The Belgian twitched an ear, Toto suddenly developed a muscle spasm in his hind quarter, and I swear I saw Fox salivating. Suddenly, they were off. Full tit, running, straight towards me. Thats right, towards me instead of away, an amazing concept.
I waited until they caught up, and then trotted nonchalantly into their pen, with them at my heels waiting anxiously for me to tip the bucket out and pour them their grain.
The moral of this story? Save yourself the running and go straight for the bribery.

However... it does get better than this. There are greater triumphs to be had.
One morning at 1:30 in the am I was woken by the hounds. A great caterwauling was to be heard, as they barked and yowled and screeched. I crawled out of my nice warm bed, poked my head through the window curtains to see if they actually were barking at something, before I opened a window to yell obscenities at them, and discovered there were horses out in the yard. Not just two or three horses, but six or seven. I was surprised. And then annoyed. And then cold.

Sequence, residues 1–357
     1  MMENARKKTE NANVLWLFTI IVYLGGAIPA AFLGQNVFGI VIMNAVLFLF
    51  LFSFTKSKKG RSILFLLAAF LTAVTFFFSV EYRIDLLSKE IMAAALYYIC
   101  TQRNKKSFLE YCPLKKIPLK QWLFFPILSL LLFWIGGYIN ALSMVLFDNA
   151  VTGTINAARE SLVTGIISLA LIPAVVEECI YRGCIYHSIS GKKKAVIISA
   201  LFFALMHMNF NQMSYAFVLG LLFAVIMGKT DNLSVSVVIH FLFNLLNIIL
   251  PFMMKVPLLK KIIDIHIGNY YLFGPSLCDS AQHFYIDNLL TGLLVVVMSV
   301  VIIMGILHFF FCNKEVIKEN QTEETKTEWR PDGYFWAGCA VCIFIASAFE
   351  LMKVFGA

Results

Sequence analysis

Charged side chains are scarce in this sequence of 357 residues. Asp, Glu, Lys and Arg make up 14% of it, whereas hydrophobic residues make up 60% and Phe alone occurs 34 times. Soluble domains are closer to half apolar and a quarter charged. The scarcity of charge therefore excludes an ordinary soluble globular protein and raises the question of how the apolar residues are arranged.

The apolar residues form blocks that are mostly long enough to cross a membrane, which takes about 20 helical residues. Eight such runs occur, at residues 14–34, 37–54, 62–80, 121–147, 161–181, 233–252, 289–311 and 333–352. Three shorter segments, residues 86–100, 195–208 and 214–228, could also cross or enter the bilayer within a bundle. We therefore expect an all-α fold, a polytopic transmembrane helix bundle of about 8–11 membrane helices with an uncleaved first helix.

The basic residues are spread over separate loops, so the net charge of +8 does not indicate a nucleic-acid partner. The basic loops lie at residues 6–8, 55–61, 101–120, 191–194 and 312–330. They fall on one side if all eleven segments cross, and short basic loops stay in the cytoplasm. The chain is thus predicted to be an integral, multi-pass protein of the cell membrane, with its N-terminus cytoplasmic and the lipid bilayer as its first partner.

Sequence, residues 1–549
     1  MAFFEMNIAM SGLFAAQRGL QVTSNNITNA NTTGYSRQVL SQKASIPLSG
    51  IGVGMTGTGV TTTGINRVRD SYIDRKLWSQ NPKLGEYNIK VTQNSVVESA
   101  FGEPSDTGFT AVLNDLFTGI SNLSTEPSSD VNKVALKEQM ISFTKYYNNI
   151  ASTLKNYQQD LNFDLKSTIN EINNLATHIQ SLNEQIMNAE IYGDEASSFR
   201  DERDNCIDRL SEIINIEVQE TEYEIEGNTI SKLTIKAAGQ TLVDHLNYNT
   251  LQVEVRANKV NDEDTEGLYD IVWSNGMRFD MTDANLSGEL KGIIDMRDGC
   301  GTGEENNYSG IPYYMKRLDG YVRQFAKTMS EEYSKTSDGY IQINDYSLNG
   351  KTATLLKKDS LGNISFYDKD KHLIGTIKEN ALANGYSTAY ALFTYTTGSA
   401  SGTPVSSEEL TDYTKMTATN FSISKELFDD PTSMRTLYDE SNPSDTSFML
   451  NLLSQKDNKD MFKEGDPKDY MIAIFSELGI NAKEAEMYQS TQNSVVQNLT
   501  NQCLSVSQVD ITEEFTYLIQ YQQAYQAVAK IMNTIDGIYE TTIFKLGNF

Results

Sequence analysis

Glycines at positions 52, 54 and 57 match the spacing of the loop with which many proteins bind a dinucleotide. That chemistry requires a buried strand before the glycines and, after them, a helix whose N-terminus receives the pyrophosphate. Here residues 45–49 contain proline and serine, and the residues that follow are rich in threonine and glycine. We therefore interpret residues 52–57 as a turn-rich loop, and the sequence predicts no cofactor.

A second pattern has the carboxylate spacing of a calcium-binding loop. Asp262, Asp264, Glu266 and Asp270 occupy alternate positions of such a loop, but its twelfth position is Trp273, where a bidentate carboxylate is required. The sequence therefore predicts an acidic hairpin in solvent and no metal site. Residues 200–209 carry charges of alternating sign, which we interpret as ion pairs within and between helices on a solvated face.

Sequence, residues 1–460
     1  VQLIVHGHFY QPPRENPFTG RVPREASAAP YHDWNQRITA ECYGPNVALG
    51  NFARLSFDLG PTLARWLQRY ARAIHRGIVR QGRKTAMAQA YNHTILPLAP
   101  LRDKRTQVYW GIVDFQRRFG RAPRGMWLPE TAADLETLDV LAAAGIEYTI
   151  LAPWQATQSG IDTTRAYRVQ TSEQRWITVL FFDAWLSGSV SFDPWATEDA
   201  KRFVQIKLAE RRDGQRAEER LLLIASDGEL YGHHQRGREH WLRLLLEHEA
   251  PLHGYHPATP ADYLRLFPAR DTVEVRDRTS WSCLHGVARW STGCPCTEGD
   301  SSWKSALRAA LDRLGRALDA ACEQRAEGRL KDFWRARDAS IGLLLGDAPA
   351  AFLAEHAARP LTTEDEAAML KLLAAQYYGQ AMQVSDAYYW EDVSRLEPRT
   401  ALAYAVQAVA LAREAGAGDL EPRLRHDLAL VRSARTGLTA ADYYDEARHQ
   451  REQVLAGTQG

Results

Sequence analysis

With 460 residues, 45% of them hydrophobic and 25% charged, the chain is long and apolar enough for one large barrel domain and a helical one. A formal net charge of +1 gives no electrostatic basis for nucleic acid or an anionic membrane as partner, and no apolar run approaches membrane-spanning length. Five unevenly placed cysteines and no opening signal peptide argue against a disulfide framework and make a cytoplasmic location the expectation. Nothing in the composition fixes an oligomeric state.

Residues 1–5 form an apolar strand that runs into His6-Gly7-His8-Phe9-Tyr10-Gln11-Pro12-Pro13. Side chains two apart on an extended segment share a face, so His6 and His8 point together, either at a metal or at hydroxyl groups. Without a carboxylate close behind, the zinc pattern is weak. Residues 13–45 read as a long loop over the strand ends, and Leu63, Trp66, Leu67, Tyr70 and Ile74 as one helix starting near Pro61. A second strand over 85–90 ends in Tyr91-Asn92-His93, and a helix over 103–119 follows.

So I climbed into my clothes and headed outside.
My wife wasn't too far behind me. She had woken partially, long enough to hear me say 'Damned horses are out', and then rolled back over and fell asleep for another minute or so before the brain processed this, reported to her higher functions that, yes, this actually required some form of conciousness, and roused her.
As we stood outside and watched these idiot horses run up and down the yard my wife noticed something I had clear missed. Of course, I probably wouldn't have noticed for a while anyway, as I'm not nearly the horse person my lady is, but still, she pointed out that as they ran they stuck their heads way up and their tails stood straight up in the air.